Growing up on a diet of fairy tales, fables and Enid Blytons, there are some stories that are etched in my mind and come to fore at intervals.
As I stood along the back wall of a huge community hall watching cute little kids sing small bhajans or recite shlokas off key, I looked around to see some interested faces capturing their kids in a camera or a handycam. Unless it was their child performing, parents looked listless and tired. Driving back home, I was biting back words. I did not have it in me to go gaga over mediocre performances. Perhaps if it were my child performing over there, I would have ooh’d and aah’d and thought that my little star was shining bright. I don’t know.
I thought back to my childhood. Growing up my parents and grandparents called a spade a spade. As I practiced beginners steps from my bharatanatyam class in the space separating the main house from the outhouse of our old style home in Coimbatore with my cousin in tow, my granddad used to smile and say I looked like an elephant stomping on dung. It was all taken in good spirit and I either went on to improve or gave it up altogether. When I sang off key, siblings would imitate a donkey braying. It was what it is. I either had talent or not and it was fine.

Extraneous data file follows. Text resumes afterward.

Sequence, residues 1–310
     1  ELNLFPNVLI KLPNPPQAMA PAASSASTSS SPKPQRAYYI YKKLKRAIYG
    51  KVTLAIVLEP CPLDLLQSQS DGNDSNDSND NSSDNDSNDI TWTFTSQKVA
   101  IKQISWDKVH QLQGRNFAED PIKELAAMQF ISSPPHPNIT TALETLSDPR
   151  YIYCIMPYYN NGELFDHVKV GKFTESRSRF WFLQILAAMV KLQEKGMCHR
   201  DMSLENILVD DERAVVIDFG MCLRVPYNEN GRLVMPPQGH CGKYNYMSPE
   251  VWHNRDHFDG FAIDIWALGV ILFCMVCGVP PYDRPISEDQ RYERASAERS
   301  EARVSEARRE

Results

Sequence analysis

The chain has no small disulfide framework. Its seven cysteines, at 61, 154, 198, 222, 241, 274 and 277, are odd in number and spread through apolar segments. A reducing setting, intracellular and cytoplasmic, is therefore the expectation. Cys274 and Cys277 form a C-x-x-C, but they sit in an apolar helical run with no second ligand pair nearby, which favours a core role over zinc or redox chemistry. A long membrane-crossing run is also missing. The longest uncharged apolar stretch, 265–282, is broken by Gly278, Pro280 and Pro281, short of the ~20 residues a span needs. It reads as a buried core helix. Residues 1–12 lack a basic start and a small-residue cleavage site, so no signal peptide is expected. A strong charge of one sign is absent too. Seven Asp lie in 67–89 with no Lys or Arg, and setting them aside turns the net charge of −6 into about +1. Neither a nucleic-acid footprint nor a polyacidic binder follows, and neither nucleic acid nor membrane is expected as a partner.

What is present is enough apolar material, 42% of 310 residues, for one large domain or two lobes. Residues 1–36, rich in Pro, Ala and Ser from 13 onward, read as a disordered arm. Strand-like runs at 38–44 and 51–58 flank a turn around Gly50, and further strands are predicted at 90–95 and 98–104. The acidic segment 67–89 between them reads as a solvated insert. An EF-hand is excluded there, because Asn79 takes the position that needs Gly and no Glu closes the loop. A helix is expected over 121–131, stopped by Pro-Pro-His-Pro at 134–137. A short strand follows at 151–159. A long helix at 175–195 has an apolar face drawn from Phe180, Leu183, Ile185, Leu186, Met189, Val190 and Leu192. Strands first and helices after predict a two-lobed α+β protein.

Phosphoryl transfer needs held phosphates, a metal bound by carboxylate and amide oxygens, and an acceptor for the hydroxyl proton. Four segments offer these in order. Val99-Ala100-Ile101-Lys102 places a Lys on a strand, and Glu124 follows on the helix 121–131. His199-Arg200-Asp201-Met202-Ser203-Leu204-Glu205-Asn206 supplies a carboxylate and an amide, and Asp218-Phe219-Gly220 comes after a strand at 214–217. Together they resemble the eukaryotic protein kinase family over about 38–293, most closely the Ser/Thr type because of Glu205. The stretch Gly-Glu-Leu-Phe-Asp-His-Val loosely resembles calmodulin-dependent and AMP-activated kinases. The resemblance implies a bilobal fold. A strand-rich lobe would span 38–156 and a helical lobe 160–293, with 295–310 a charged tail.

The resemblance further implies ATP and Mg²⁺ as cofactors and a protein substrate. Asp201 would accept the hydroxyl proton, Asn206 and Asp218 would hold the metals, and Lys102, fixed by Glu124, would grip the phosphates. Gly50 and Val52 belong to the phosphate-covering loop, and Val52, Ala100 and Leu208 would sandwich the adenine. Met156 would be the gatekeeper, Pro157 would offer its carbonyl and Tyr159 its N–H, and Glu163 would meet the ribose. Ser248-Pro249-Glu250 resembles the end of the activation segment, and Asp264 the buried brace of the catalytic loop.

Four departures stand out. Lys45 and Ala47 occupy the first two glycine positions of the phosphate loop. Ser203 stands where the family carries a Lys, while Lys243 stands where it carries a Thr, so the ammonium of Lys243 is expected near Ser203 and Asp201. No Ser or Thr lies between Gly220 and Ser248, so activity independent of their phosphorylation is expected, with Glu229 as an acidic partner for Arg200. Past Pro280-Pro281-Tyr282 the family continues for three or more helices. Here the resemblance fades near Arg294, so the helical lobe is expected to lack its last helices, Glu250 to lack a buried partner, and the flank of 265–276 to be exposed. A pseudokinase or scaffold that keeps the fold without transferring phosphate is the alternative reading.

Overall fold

Looking around me now, I see friends reward their children for pooping in the potty with candy, or little ones being told “Good Job!” for just being themselves. While I am guilty of spoiling my niece rotten, I am also cynical about our tendency to reward kids for everything. What happened to good old competition and wanting to excel at things? How about putting a child on stage because they are exceptional? When did everyone start getting As for effort? Looks like I missed the bus.
** Now don’t stone me. I probably will eat my words if ever I do become a mom.